Ahoy all! It has been a long while since I’ve had time to post anything here, but certainly not for any lack of activity. Since arriving here in New Zealand back at the end of October, Learnativity has been safely pole moored in a fabulous spot at the end of a river estuary about 20km inland from the coast and in the town of Whangarei which is about 150km north of Auckland. It is very peaceful here and one of the world’s centers for marine trades and boat building so it has been a perfect spot to spend what will be almost 6 months by the time we leave next month as we wait for the hurricane season up north in the South Pacific to end. I’ll try to write up a more detailed summary of the past few months, but here is the update on the past few weeks to catch you up to the present.
I spent most of the past month (Feb/March) over in the US, partly to look after some business and partly to get in some time with friends and family before I set sail again as I’m not sure when I’ll next be back. After having a great time doing a presentation at a conference in Orlando I was able to spend some time with a few special friends who were also in town for this conference and in particular spend several days with my dear friend Erik from Antwerpen and we locked ourselves away for a few days to work on our Snowflake Effect book on mass personalization. I was also able to meet up Ellen who is my home base in Sonoma when I’m in the Bay area, and after more years than I can remember Marcia and I were able to meet up and Karl and Conner were with her so it was a particularly big reunion. Then it was back to my second family and home up in New Smyrna Beach (just south of Daytona) and I got to spend a few weeks up there. My #1 son Skyler has been staying there the past few months as well so had some wonderful time with him and catching up with all that’s new in his life as he tried the East Coast on for size. And then it was Easter/Spring break for the kids so we spent a week sailing down the Inter Coastal Waterway (ICW) all the way down to Miami. A very interesting ride, more like going down the canals in Europe as you are mostly going past people’s back yards on both sides for much of it. Some VERY VERY expensive back yards I might add! More wealth and excess than I think I’ve ever seen in one sitting. It was a great time and nice to be with my “other family” for such an extended time and being so all together on their sailboat.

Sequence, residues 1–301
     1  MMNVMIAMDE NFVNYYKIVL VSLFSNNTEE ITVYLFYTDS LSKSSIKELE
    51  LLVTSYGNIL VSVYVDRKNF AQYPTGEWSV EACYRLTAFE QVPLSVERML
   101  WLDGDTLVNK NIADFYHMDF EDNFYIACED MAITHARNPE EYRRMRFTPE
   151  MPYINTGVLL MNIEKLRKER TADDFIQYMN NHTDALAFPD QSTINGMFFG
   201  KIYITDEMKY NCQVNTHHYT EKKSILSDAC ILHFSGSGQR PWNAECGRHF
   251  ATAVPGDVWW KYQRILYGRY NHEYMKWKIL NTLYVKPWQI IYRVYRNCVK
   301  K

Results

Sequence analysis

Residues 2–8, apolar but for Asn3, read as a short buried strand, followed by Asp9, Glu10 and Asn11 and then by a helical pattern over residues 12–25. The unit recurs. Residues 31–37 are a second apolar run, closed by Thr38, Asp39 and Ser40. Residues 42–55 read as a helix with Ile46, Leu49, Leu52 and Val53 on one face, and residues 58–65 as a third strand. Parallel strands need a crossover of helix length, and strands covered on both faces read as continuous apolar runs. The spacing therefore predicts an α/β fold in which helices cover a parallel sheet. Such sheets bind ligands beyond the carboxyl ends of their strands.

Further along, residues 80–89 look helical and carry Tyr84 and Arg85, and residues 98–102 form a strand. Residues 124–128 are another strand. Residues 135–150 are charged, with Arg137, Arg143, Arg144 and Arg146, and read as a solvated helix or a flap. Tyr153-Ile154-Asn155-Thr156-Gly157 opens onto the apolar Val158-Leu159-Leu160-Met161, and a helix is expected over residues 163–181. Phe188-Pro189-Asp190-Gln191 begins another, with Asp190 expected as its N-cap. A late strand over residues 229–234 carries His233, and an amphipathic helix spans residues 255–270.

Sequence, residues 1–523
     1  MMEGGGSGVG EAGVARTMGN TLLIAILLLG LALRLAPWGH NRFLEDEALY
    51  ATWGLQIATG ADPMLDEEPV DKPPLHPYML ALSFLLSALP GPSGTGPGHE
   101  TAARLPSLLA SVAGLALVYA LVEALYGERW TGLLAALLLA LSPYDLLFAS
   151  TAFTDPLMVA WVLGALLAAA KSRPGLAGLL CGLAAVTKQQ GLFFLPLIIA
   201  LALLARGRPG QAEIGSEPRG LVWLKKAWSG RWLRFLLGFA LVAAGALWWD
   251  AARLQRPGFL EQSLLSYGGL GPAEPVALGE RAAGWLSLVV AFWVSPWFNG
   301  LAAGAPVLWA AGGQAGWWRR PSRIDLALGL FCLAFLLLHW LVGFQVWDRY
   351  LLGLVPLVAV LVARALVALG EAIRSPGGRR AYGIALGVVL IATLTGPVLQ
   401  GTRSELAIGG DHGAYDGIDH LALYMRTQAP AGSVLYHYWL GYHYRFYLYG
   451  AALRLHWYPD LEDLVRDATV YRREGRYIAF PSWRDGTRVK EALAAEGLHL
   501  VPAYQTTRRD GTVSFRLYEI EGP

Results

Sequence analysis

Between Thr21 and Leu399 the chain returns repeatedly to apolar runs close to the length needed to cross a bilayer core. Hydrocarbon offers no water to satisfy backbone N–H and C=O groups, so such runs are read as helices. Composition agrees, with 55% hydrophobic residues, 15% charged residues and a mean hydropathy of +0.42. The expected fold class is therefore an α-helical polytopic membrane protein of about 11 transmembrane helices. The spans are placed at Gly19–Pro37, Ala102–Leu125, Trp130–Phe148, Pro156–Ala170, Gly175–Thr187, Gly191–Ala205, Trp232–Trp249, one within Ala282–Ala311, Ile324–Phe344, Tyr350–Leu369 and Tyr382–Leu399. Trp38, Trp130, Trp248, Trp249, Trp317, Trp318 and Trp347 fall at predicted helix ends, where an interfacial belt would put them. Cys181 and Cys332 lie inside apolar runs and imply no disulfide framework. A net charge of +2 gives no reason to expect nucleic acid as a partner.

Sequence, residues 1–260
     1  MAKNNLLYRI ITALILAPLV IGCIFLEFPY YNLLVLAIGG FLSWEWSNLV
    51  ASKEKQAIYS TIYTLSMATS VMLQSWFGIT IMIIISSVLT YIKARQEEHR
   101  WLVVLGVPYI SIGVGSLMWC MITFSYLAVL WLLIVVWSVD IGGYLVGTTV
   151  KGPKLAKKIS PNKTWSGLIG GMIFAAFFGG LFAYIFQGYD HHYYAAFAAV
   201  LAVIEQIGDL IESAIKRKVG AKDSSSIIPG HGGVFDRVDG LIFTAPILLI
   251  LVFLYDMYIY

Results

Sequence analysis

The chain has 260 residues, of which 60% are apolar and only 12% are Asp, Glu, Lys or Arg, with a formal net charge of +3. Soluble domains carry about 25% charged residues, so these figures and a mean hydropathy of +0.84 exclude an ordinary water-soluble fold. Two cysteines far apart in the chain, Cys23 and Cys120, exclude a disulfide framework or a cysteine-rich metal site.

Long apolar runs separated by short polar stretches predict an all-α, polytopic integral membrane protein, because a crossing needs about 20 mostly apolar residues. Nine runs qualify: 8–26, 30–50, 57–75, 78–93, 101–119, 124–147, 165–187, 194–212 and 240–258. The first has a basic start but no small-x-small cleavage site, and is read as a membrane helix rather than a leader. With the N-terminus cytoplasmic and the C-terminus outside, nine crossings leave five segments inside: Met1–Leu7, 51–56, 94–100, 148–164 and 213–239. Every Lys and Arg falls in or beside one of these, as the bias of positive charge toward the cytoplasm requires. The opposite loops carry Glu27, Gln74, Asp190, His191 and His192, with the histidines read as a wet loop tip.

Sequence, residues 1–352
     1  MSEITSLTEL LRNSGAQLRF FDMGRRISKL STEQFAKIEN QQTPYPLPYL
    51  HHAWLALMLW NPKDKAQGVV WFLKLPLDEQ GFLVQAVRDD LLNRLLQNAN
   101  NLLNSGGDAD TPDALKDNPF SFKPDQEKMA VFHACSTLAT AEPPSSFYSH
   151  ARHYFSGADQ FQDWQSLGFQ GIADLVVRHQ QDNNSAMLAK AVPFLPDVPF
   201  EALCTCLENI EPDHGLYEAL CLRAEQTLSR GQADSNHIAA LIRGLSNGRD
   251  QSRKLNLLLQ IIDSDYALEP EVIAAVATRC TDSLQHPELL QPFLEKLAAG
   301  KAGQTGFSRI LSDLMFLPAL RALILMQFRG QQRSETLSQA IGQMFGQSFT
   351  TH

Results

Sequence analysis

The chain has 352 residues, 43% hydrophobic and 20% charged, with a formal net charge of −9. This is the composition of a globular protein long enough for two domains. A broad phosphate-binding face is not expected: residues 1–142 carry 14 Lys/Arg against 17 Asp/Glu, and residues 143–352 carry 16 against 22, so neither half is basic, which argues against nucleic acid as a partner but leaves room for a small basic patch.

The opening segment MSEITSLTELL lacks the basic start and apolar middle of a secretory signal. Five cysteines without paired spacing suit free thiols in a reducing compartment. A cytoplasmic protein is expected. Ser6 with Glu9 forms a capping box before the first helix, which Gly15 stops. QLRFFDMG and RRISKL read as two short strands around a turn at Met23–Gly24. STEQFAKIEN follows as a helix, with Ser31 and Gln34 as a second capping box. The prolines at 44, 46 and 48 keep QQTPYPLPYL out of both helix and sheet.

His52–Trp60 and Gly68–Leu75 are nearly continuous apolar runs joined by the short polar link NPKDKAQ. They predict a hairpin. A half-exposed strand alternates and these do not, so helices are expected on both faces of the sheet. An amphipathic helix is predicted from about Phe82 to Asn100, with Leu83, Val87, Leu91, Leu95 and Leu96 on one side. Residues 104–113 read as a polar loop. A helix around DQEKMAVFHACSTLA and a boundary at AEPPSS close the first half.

Then I flew out to spend last weekend with Lia, Brian, Piglet and Ruby in their new home just NE of Los Angeles. That was pretty special too, such fun to be with my kids now that they are adults and have such great but different conversations with them. Brian and Lia are doing extremely well, loving their new house, settling into being a newly married (Aug 1, 2009) working couple, etc.
If you look closely in the photo on the left here you can make out Ruby snuggled into Lia’s lap while Piglet guard's here territory on Brian’s.
After having Ruby these past four months and seeing how much happier Piglet seems to be, Lia and Brian needed to get another dog themselves. Their newest family member arrives in a few days and is a Japanese Chin and very cute. His name will be “Ponzu” (Japanese dipping sauce) and he is due to arrive Friday (May 23) apparently. Similar looks to Piglet but black and white with more of a “squashed” face and very cute from the pictures we were able to look at from his breeder. If you go over to Lia’s FaceBook page you can see some pictures she has put up of Ponzu.
I spent my last few days in the USA running around to pick up a few last minute supplies and packing everything into suitable containers for the trip back to New Zealand and Ruby and after a fantastic four days with Lia, Brian and Pigled, Ruby and I drove to LAX Tuesday night to start our next adventure and our return to our floating home of Learnativity in Whangarei New Zealand.
After many months of planning and paperwork, Ruby flew with me in the cabin on the Air New Zealand flight from LAX to Auckland and as usual their service was phenomenal. I can’t recommend ANZ highly enough and if you ever get the chance please do use them. They had me/us booked in the forward most row of their “Premium Economy” class which put us in a bulkhead row with lots of space between the seats and the bulkhead. They also booked us to have the entire row to ourselves, no one else sitting in the 2 seats beside me, and also had a special mat put out on the floor for Ruby! The staff could not have been more accommodating and friendly and for most of them this was apparently the first time they had a dog onboard, which surprised me a bit. But every one of them from the purser on down came by to personally welcome us on board, ask what they could do to make Ruby more comfortable, could they see her? Could they pet her? Could they take her up to show the pilot? etc. And this continued through the entire 12 hour flight!